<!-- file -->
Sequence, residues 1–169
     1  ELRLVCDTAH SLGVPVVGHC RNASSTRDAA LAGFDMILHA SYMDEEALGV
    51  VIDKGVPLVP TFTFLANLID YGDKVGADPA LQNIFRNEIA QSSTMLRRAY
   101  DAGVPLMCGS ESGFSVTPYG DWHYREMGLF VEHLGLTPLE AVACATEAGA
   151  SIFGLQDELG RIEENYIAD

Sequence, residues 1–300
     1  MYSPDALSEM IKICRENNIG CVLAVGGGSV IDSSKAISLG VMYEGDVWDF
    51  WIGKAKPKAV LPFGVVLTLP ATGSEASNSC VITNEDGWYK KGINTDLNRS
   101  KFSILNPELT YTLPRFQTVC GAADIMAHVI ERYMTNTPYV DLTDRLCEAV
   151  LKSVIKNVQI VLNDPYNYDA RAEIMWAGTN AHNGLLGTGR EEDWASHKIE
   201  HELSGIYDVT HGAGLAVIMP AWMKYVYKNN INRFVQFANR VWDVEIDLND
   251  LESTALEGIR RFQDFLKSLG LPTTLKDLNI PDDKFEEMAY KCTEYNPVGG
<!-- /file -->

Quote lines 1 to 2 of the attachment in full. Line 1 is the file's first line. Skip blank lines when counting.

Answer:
Sequence, residues 1–169
     1  ELRLVCDTAH SLGVPVVGHC RNASSTRDAA LAGFDMILHA SYMDEEALGV